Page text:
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IOTW 9/17/2020

55M w/ hx of L ureteral stent p/w abdominal pain and dysuria

  1. How would you grade the level of hydronephrosis in A?
    • Moderate hydronephrosis.
    • Explanation: Mild hydronephrosis is dilatation of the renal pelvis. In higher grade cases of mild hydronephrosis, the dilatation may begin to involve the calyces. Moderate hydronephrosis is when the calyces become so dilated that they obtain a rounded appearance called the “Bear Paw Sign”. Severe hydronephrosis is when there is cortical thinning and loss of borders between the ballooned renal pelvis and calyces.
  2. What other positive finding do you see in A?
    • Nephrolithiasis. There is an intraparenchymal stone at the right-most calyx. Notice the shadow artifact.
  3. What positive finding do you see in B?
    • There is a ureter stone. Again, notice the shadowing.
  4. What finding regarding the bladder do you notice in C?
    • There is a large bladder stone. This was actually found to be obstructing the ureterovesical junction.

IOTW 8/31/2020

57F p/w epigastric pain with RUQ ttp on exam

  1. What is the name of this ultrasound finding?
  • Wall Echo Shadow (WES) sign

2. What is the etiology of this finding?

  • Large gallstone or numerous smaller gallstones filling the lumen of a contracted gallbladder

3. What are three things that should be on
your differential when you see this?

  • Air-filled bowel loop, porcelain gallbladder, emphysematous cholecystitis

4. Is this finding a sign of cholecystitis?

  • No. The five sonographic signs of cholecystitis are: stone impaction in neck, anterior wall thickening, pericholecystic fluid, gallbladder hydrops, and sonographic Murphy sign

WES sign is non-specific, so if acute cholecystitis is suspected,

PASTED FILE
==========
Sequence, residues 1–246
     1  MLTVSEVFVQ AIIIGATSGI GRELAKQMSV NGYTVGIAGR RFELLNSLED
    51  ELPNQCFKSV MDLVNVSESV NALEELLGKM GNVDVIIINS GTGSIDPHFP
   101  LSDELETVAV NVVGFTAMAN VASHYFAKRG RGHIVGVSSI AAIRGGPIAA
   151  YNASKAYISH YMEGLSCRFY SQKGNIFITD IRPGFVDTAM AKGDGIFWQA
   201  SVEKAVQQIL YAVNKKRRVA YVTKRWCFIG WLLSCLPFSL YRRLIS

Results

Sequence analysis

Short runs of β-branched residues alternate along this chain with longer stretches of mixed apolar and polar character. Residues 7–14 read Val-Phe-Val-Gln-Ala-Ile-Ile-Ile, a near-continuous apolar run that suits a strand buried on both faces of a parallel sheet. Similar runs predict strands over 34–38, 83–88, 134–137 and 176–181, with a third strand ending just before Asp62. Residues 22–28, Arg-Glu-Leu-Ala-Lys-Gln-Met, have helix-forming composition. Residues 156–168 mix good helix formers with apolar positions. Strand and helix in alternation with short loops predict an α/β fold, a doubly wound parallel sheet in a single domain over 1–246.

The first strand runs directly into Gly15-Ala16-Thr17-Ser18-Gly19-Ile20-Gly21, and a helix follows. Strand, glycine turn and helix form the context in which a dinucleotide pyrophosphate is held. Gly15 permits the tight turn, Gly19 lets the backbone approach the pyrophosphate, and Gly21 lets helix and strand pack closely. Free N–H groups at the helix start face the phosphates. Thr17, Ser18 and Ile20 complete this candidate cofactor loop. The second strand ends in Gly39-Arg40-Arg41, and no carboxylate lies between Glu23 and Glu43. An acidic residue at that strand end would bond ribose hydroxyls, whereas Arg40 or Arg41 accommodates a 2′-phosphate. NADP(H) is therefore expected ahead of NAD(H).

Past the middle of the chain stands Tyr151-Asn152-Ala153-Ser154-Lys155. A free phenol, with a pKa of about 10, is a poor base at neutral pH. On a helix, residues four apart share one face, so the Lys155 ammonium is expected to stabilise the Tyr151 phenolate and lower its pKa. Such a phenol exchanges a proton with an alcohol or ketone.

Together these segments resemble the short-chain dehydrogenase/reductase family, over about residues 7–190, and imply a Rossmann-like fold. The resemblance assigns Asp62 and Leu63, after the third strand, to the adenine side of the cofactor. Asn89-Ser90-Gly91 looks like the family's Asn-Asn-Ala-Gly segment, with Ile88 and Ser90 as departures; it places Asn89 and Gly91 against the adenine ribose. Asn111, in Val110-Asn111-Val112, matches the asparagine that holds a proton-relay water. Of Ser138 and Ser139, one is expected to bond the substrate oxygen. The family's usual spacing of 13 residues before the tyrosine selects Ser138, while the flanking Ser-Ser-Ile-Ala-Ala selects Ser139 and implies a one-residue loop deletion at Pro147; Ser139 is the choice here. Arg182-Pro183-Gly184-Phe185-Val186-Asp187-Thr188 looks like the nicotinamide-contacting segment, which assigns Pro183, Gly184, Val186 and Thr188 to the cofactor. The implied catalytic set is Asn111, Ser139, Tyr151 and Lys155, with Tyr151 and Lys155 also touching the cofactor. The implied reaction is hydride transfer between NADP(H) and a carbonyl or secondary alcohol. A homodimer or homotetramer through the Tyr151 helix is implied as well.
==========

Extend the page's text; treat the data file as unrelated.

CT or HIDA scan may be appropriate

IOTW 08-17-2020

Case

26 y/o male presents with abdominal pain and emesis. RLQ POCUS performed as below.

What do you think?

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  • What is the diagnosis? Acute appendicitis without rupture
  • What are the sonographic landmarks
    for performing this exam?
    RLQ and point of maximal tenderness; must visualize iliac vessels and psoas muscle
  • What are the sonographic “hard” signs
    of a positive exam?
    Non-compressible, non-peristaltic, avascular blind-ended tubular structure traceable to cecum measuring >6 mm
  • What are the sonographic “soft” signs? Appendicolith, RLQ free fluid, periappendiceal fat stranding (increased echogenicity), “Ring of Fire” (increased peripheral vascularity), enlarged mesenteric lymph nodes

Note that appendix may be compressible if it is ruptured!

IOTW 01-01-18

You can also click on the powerpoint to view videos
Powerpoint –> IOTW 1-1-18

Case

  • 36 yo F presents to ED for abdominal pain. Abdominal pain is located in the RUQ and LLQ. Associated with one episode of diarrhea in the morning and emesis.
  • ED team requested a RUQ sono to assess for biliary pathology
  • During the exam, the patient asked “ Can you look here where it’s REALLY hurting?” and pointed to LLQ

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Small Bowel Obstruction On Ultrasound?

 

Criteria of SBO

  • dilated bowel loop (diameter > 2.5 cm)
  • bowel wall thickening > 3mm
  • fluid-filled distended bowel with extra luminal free fluid between bowel loops
  • Back and forth peristalsis
  • May see transition point

 

What happened to the patient:

  • Patient was found to have an SBO on CT scan. She went to the OR for an emergent ex-lap and was found to have frank pus in her abdomen without any signs of perforation.